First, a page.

Illegal Migrants Look Forward To Crossing Channel “As Soon As Possible” After Labour Win

Illegal immigrants in northern France have been celebrating Labour’s ‘landslide’ victory saying that they will cross the Channel at the “first chance” they get.

Welcoming the new government some of the migrants said they would risk  crossing over to the UK in small boats just asoon as the weather permitted.

The Telegraph reports: Sir Keir had vowed to scrap the Rwanda deportation flights on “day one” if Labour reached power.

Most migrants in the Grand-Synthe camp, near Dunkirk, were unaware of the results on Friday morning, but were delighted when told that Rishi Sunak would no longer be Prime Minister.

Amir, 23, a bean-seller from Kurdistan, said migrants had given Sir Keir a nickname that roughly translates as a man who works for refugees or workers.

He said: “We are calling him ‘Party Krekaran’ because we have heard that this guy is really helpful to the refugees.”

Amir added that he would make the crossing “as soon as possible” now Sir Keir was in power, adding: “It’s really good for us. We were really nervous in our countries to travel all the way here and get sent back.

“We no longer live in fear of them sending us to Rwanda. I’ve seen a couple of documentaries, and Rwanda is not the best place.”

Asked whether the result would make it more likely for them to make the crossing, he added: “Yes of course. I want to cross the U.K. as soon as possible. I was really sure that Rishi Sunak was going to lose.”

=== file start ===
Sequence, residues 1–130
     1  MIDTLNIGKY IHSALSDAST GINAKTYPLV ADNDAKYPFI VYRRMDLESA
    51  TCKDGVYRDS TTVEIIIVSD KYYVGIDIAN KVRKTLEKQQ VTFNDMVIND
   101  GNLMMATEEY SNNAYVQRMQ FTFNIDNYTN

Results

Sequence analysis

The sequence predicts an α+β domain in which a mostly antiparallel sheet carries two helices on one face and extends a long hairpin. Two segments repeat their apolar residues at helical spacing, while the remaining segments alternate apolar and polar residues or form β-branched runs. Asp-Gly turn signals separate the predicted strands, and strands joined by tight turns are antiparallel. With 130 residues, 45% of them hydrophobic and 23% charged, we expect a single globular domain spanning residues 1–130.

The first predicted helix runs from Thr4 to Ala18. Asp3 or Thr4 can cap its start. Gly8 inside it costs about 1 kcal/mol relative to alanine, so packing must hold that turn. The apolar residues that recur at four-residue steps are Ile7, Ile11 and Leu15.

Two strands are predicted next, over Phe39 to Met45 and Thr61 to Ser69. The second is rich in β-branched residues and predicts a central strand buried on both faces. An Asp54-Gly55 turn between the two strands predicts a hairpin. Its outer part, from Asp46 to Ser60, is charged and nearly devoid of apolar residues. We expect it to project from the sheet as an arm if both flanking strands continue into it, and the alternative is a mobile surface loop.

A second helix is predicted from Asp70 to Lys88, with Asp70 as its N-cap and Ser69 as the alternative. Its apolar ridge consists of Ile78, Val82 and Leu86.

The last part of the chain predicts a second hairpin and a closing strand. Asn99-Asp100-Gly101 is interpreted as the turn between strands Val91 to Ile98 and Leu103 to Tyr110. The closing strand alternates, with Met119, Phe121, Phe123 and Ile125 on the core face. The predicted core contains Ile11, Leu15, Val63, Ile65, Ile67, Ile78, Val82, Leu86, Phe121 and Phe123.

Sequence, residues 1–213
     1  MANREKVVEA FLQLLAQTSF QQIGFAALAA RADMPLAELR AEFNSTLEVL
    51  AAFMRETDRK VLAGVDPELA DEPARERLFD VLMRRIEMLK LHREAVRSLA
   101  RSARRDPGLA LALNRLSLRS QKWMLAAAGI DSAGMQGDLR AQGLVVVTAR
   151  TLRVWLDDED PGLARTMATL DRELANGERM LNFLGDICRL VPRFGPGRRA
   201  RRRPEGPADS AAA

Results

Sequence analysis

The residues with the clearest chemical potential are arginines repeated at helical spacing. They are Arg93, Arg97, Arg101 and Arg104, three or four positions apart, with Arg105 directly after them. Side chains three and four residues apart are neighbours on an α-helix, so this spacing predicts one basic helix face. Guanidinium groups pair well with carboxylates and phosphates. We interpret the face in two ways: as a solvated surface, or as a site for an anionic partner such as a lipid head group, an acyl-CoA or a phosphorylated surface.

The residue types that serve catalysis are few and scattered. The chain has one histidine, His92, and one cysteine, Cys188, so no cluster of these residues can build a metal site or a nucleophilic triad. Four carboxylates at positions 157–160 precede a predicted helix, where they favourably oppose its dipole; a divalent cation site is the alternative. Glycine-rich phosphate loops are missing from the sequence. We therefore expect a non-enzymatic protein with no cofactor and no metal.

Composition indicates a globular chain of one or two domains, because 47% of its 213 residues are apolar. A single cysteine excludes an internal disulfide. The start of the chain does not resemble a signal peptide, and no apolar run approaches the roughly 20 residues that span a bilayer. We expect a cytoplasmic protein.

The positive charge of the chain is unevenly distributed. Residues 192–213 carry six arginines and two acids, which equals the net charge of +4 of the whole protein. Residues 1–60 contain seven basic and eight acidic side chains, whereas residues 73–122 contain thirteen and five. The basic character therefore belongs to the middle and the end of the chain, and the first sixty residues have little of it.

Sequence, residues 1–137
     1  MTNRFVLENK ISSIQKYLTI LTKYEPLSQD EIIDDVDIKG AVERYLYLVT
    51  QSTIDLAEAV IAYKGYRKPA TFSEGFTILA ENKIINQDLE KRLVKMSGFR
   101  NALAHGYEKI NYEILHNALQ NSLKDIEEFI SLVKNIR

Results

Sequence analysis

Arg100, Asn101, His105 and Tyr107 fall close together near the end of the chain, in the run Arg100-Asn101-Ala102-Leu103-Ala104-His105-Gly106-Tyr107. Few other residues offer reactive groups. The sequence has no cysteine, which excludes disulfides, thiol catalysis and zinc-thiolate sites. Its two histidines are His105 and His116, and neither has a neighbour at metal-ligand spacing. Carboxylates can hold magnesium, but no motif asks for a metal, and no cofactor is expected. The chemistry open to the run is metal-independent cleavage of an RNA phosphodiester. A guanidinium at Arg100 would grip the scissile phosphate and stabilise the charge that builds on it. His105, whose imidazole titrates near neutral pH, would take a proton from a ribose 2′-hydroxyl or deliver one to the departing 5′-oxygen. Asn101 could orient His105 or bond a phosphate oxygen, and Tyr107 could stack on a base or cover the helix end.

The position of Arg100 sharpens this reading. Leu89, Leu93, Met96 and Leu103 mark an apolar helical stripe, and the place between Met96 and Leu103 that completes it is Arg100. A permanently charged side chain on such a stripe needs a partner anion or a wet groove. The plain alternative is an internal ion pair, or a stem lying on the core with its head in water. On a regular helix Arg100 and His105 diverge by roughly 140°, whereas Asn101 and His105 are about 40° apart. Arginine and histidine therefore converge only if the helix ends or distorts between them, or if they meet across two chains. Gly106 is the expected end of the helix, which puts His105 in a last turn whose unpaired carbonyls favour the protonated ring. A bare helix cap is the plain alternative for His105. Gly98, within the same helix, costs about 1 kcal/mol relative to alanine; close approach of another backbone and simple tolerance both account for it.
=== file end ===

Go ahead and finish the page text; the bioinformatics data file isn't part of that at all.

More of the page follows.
Halmat Ali, 31, from Iraq paid £3,900 to a smuggler to facilitate the crossing to Britain. He said: “I like Labour Government. I will cross at first chance. They give me hope. I will cross on Sunday when [the] weather is better.”

Home Office figures showed that a record number of migrants crossed the Channel in the first six months of the year, despite the supposed deterrent of the Rwanda scheme.

Some 12,901 people have reached the U.K. this year – up 17% on last year and up 8% on the previous record in 2022.

At the start of his premiership, Rishi Sunak said stopping the boats was one of his five priorities. Announcing his resignation as Tory leader on Friday, he said: “I have heard your anger, your disappointment, and I take responsibility”.

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